Six Indians Players Who Fell Short of Their Potential and Failed to Meet the Mark

Matt Loede

From “5-tool” players that were expected to be stars as high draft picks, to players that were acquired from various trades, the Cleveland Indians have had plenty of players over the years that never quite reached their potential.

Baseball is never an exact science when it comes to scouting. You can see a high school or a young 19 or 20-year-old play 50-100 times, and feel he could be the next Jim Thome or Corey Kluber, but sometimes that just doesn’t happen.

Such is the case with our list today of players who were touted as potential stars with lots of hope, but at the end of the day just didn’t work out.

Of course just making the Majors is a task in itself, but with the hype and energy the Indians put on these players, for them to not work out is a shame in itself.

So here’s a list of some of those players over the years, some you may remember, some you likely have forgotten, but no matter the case, here are six players that failed to reach their heights that all Indians fans had hoped for.

Steve Dunning Pitcher

Dunning was the Indians first-round pick (2 overall) in 1970 out of Stanford. He never spent anytime in the minors, which likely was mistake number one. He went 18-29 with a 4.37 ERA for the Indians in three seasons before being dealt to the Texas Rangers in May of 1973.

One sidebar on Dunning is he hit a grand slam of Oakland pitcher Diego Segui in 1971. It was a feat that was not repeated by a pitcher until 2008.

Mike Poehl Pitcher

The 9 overall pick by the Indians in the 1985 MLB Amateur Draft, Poehl came to the Tribe from the University of Texas. He was the only college player drafted by the Indians never to make it to the Major League team.

The highest Poehl made it was Double A, and he started three games in 1989 for Akron-Canton, going 2-1 with a 0.53 ERA. His MLB career ended with a stint with the Kansas City Royals.

David Miller Outfielder/First Base

Miller was expected to be a quality pitcher when the Indians snagged him 23 overall in the 1985 MLB Draft, but again just never panned out. His career started out well, hitting .254 with seven homers in Kenston, and then hit .301 with four homers in AA Akron.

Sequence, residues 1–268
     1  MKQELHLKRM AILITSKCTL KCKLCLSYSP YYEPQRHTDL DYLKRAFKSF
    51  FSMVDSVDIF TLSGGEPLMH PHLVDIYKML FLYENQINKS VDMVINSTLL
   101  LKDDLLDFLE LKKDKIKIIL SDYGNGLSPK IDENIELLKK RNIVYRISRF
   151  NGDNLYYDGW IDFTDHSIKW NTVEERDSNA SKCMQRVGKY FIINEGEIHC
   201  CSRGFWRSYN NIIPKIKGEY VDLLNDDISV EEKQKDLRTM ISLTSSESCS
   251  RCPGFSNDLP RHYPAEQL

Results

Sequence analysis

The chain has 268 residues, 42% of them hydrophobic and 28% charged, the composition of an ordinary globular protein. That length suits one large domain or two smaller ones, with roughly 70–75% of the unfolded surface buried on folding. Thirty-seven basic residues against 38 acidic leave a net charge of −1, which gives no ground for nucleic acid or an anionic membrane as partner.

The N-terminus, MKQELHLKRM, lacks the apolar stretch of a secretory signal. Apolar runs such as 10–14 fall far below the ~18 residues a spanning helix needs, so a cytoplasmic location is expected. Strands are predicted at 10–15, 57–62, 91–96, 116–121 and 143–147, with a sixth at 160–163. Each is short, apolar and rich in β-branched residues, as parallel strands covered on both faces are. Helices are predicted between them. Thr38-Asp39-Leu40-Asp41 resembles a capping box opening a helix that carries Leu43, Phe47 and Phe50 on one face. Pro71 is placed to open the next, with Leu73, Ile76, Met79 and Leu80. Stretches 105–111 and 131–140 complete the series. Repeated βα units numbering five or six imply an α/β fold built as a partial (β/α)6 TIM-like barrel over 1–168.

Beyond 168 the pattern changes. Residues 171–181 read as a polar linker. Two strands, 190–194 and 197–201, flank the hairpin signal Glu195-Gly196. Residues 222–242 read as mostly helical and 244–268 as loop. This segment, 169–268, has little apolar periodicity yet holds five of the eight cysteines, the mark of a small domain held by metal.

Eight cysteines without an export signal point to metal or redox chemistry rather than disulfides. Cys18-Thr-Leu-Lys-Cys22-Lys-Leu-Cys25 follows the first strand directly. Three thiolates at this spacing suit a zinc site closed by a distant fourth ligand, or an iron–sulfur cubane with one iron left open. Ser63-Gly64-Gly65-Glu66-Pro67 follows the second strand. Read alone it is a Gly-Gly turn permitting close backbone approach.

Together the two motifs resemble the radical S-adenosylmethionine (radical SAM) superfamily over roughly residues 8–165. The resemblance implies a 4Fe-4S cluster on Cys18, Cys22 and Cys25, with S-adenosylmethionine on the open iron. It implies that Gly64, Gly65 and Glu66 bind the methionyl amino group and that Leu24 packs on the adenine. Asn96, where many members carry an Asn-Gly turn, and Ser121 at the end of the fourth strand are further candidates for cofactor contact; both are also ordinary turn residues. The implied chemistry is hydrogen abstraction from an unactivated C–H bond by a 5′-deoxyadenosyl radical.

In 1998 Miller started with AAA Buffalo, hitting .267 with nine homers and 54 runs batted in. The team didn’t add him to their 40-man roster and he was selected by the Phillies in the 1998 Rule 5 draft, ending his Tribe career.

Jeremy Guthrie Pitcher

Guthrie played for five teams in his time in the Majors, starting with the Tribe as a first-round pick (22 overall) in the 2002 MLB Amateur Draft. It took a couple seasons in the minors but he got to the Majors and in 2004 he appeared in six games for the Indians.

He spent most of 2005 back in the minors, pitching in just one game for the Indians that year, allowing four runs in six innings. He shifted to relief in 2006, and was called up twice to the Indians roster. He was designated for assignment in January of 2007.

The pitcher went on to throw also for the Orioles, Rockies, Royals and Nationals, with a career mark of 91-109 with a 4.42 ERA, twice leading the American League in losses with 17 (2009 and 2011).

Matt LaPorta First Basemen

The Indians were hopeful of getting a star when they acquired LaPorta from the Milwaukee Brewers as part of the C.C. Sabathia deal in July 2008. He was expected to be the jewel of the deal that wound up including Michael Brantley as a ‘Player to be Named Later.’

LaPorta played for the Tribe during the Manny Acta years from 2009 to 2012, with his best season coming in 09 when he hit .254 with seven homers and 21 RBI. In four seasons, 291 games, he hit just 31 homers driving in 120 runs.

The Tribe felt they waited as long as they could with LaPorta, who never played again after the 2012 season in which he hit .241 in 22 games.

David Huff Pitcher

The Indians were hopeful they had a future starter in their rotation when they took Huff 39 overall in the 2006 MLB Amateur Draft, but again he scuffled his way to a career 18-26 record with a 5.40 ERA in five seasons with the Tribe.

After going 11-8 in 2009 showing promise, Huff bottomed out in 2010, going 2-11 with a 6.21 ERA as the Indians won just 69 games. Injuries derailed Huff as well as he went 5-7 over the next two seasons with the Indians combined before eventually being dealt to the New York Yankees.